NEW study confirms that animal to human coronavirus transmission is possible however further research is needed to confirm the extend of this in the wider population.
A new empirical study under-taken in the Netherlands hypothesises that transmission from human to animal and vice versa is possible. Academic researchers gathered data from 16 different mink farms in Holland.
The Dutch study is the first to prove that, while the origin of the COVID-19 outbreak has never officially been identified, it would be possible for the disease to transfer to humans from animal. The study supports the theory that the virus started in a Chinese wet market however this has yet to be proven.
As scientists are unsure of the exact origin of the pandemic, they have been studying the ability of the virus to cross species boundaries.
It is already confirmed that a range of animals are able to be infected with and carry the coronavirus including primates, dogs, cats, bats, hamsters, rabbits, lions, and tigers. Now this study has demonstrated that minks are also susceptible.
However, more-over, the research is the first to prove that cross species infection can occur. Using whole genome sequencing technology, the researchers could identify the specific source of transmission in both the minks and the farm workers.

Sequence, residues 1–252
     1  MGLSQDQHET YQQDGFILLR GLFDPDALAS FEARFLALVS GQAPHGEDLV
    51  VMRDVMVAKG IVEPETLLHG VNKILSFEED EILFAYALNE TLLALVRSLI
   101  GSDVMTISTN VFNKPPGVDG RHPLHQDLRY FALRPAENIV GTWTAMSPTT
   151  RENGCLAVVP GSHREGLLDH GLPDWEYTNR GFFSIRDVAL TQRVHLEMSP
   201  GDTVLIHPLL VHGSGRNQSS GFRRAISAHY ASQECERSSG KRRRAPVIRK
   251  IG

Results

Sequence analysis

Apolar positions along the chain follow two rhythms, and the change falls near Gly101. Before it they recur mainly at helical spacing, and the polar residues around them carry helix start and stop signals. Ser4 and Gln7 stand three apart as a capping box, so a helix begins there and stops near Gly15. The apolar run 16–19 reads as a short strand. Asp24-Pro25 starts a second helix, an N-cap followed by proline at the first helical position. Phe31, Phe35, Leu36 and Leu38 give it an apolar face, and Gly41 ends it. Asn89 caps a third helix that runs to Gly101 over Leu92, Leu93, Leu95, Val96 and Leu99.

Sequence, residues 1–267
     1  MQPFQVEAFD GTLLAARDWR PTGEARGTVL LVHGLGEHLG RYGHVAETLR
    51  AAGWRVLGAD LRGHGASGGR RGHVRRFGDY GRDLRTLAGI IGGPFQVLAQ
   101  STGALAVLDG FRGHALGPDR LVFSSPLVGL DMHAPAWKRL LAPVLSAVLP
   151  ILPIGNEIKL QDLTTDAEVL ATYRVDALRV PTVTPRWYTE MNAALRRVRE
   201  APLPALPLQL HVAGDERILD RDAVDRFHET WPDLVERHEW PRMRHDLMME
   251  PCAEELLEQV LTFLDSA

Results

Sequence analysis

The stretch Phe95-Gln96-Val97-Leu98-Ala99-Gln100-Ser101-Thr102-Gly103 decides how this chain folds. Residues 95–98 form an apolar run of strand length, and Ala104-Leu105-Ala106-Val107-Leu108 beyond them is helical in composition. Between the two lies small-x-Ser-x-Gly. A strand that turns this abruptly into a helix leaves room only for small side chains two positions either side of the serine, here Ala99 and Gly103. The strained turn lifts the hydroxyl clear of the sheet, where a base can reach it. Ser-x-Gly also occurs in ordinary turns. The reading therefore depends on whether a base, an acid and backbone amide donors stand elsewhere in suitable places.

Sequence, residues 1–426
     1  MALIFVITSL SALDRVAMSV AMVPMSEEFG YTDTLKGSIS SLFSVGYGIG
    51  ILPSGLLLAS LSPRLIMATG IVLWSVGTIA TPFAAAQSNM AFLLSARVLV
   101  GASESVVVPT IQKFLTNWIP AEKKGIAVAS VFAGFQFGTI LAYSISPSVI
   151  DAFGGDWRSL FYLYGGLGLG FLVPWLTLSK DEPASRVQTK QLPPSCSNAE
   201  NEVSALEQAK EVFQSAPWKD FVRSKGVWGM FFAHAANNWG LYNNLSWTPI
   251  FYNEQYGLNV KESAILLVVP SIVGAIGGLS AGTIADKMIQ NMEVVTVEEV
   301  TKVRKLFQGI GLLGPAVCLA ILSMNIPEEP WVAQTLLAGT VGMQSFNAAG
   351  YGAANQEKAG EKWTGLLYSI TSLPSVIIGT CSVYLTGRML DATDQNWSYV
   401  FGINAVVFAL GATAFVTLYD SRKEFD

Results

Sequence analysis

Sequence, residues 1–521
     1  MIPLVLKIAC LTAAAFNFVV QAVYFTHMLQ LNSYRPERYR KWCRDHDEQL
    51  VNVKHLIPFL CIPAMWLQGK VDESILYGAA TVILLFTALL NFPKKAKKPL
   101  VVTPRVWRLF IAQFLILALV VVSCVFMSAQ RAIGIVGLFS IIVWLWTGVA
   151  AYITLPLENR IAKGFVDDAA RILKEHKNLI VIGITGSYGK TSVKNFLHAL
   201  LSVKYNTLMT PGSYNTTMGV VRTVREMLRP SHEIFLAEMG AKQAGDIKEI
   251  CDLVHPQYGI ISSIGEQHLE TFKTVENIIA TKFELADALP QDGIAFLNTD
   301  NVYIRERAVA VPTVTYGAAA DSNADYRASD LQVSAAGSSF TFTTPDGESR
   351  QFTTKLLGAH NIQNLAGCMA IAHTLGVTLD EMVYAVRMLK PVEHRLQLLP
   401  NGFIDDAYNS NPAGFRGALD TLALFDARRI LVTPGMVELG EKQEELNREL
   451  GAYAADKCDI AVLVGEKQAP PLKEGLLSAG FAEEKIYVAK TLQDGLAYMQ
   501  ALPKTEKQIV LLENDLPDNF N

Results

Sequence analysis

The study includes a sample size of 720,000 animals and 97 humans. Of the human subjects 67% showed evidence of the COVID-19 infection.
The study reads, “Due to longitudinal follow up of the first 4 farms, we have strong evidence that at least two people on those farms were infected by minks. Unfortunately, based on our research we cannot make definite conclusions on the direction of most of the infections, so we do not know the total number of people that were infected by minks,”
It continues, “We conclude that initially the virus was introduced from humans and has evolved on mink farms, most likely reflecting widespread circulation among mink in the first SARS-CoV-2 mink farms, several weeks prior to detection.”
The genetic samples taken from the minks and from their human counterparts identifies that the infection was identical to those found in either party.
However, samples taken from participants wider a field who had not been exposed to the animals but still demonstrated COVID-19 infection were not identical which demonstrates that their infection came from elsewhere.
The study, however does caution that this is initial findings and more research on a wider scale is needed to discover the true extent of animal to human transmission.
The study states, “Additional research will be needed to determine the routes of transmission. We conclude that at least some of these employees are very likely to have been infected directly from infected mink and thereby describe the first proven zoonotic transmission of SARS-CoV-2 to humans. Close collaboration between human and animal health departments is essential for early identification and control of SARS-CoV-2 infections,”
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